The troposphere is the lowest portion of Earth's atmosphere. It contains approximately 80% of the atmosphere's mass and 99% of its water vapor and aerosols. The average depth of the troposphere is approximately 17 km (11 mi) in the middle latitudes. It is deeper in the tropical regions, up to 20 km (12 mi), and shallower near the poles, at 7 km (4.3 mi) in summer, and indistinct in winter.
"

"
If the air contains water vapor, then cooling of the air can cause the water to condense, and the behavior is no longer that of an ideal gas. If the air is at the saturated vapor pressure, then the rate at which temperature drops with height is called the saturated adiabatic lapse rate. More generally, the actual rate at which the temperature drops with altitude is called the environmental lapse rate. In the troposphere, the average environmental lapse rate is a drop of about 6.5 °C for every 1 km (1,000 meters) in increased height.
"



posted on Feb, 1 2015 @ 10:40 PM
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a reply to: Phage

Also:

"
The water cycle can be represented as a gigantic 'heat pipe', it remove energy at the surface of Earth, and release it in the troposphere (at tropopause). According to Wikipedia article 'water cycle', "Approximately 505,000 km3 of water falls as precipitation each year".
"

Regulation mechanisms (negative feedback) of water cycle are:

- Ground temp. increase -> evaporation rate increase.

- Global temp. increase -> increase of altitude of Tropopause -> increase of total surface of radiation zone (condensation zone)
see: 'Maximum parcel level'

- It is well recognized fact that Tropopause altitude depend on temperature, obviously because of convection.
see: [www-das.uwyo.edu...]

"Deep convection (thunderstorms) in the Intertropical Convergence Zone, or over mid-latitude continents in summer, continuously push the tropopause upwards and as such deepen the troposphere." "a deepening by 1 km reduces the tropopause temperature by 10K."



posted on Feb, 1 2015 @ 10:43 PM
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a reply to: PeterMcFly


don't ask for the source,

Great opener. But I read Anthony Watts for grins.


At LWIR, passage of clouds increase received radiation from 420 W/m^2 (morning) to around 460 W/m^2.
Yes. Like CO2, clouds bounce infrared radiation back to the surface. I pointed that out earlier. That's why cloudy nights are often warmer than clear nights.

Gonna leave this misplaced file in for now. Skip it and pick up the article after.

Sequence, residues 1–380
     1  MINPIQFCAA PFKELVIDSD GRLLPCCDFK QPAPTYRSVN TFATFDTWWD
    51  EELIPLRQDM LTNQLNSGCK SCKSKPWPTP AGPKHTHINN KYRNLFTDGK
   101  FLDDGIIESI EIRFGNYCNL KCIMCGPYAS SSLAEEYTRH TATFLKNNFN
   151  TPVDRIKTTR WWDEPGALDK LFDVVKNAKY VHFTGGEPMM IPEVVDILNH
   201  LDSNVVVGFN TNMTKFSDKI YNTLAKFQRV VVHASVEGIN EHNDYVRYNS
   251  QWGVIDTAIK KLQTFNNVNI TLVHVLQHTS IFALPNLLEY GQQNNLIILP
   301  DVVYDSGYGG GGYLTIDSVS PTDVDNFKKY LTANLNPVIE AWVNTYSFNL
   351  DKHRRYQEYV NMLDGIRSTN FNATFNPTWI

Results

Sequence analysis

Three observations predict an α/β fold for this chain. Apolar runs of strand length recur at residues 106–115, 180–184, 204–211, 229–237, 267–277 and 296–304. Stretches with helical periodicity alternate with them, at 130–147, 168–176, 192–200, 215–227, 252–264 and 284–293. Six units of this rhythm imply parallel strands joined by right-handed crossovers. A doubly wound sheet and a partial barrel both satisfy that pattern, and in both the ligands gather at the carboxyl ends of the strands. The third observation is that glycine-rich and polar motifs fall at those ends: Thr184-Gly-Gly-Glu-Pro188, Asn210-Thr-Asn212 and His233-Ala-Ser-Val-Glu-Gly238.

This is why I am thinking the dominant effect may be a negative feedback.

Why dominant?
You assume more low level cloud activity?
edit on 2/1/2015 by Phage because: (no reason given)



posted on Feb, 1 2015 @ 10:45 PM
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a reply to: Phage




Not much. But when a damp parcel of air rises it may or may not produce a cloud.


But I'm talking about what drive Cumulonimbus cloud.



posted on Feb, 1 2015 @ 10:49 PM
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a reply to: Phage




You assume more low level cloud activity?


Yes



Great opener. But I read Anthony Watts for grins.


Quite a bunch of wirdo and creationist there but they provide good points sometimes.



posted on Feb, 1 2015 @ 11:05 PM
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a reply to: PeterMcFly


Quite a bunch of wirdo and creationist there but they provide good points sometimes.
No. Not really.



posted on Feb, 1 2015 @ 11:08 PM
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a reply to: Phage




No. Not really.


Never? So it's all black or white for you? Nothing in between?



posted on Feb, 1 2015 @ 11:09 PM
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a reply to: PeterMcFly
I'm not talking about grey.
I'm talking about getting the actual science wrong.



posted on Feb, 1 2015 @ 11:16 PM
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a reply to: Phage




I'm talking about getting the actual science wrong.


That's what I'm talking about, black or white, true or wrong!

Warmist are not completly true but not completly wrong also, denier also. When you're completly on one side or the other, this is politics, this is polarization.



posted on Feb, 1 2015 @ 11:20 PM
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a reply to: PeterMcFly

this is politics


No. It's science.
There is, of course, much politics involved but the actual science says that increasing CO2 levels have increased forcing and as a result global temperatures have risen. The science says that as CO2 levels continue to increase, so will global temperatures.



posted on Feb, 1 2015 @ 11:27 PM
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Someone call my name? just kiddin!

Good thread to read nonetheless, slightly overwhelmed but yeah



posted on Feb, 1 2015 @ 11:28 PM
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a reply to: Phage



The science says that as CO2 levels continue to increase, so will global temperatures.


But the measurements does not agree, and as stated before what about the science of negative feedback by the water cycle? Frankly, as to show that I'm not completly polarized toward the deniers, I concede that it is possible and probable that an increase in CO2 level will produce a SMALL increase in temperature, but the negative feedback will compensate.

What if we nearly destroy the economy to avoid a small increase in temperature? Then nature decide otherwise and cause an urelated change in the climate? Also, a warmer world would'n be better than a colder world?